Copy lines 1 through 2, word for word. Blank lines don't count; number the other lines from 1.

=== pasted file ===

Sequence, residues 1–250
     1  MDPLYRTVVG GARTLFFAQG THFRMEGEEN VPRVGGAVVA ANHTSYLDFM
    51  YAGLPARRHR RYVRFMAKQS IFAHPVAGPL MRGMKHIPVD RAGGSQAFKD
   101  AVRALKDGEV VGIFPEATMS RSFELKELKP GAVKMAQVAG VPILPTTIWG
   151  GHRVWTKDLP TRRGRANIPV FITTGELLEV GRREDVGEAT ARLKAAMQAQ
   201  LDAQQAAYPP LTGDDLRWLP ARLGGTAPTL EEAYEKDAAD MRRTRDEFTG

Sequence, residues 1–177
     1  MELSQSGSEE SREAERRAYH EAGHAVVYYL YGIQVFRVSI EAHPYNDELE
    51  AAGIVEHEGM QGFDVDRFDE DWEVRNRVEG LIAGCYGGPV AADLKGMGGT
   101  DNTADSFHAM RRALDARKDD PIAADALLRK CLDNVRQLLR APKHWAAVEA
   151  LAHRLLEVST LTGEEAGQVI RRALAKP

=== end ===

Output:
Sequence, residues 1–250
     1  MDPLYRTVVG GARTLFFAQG THFRMEGEEN VPRVGGAVVA ANHTSYLDFM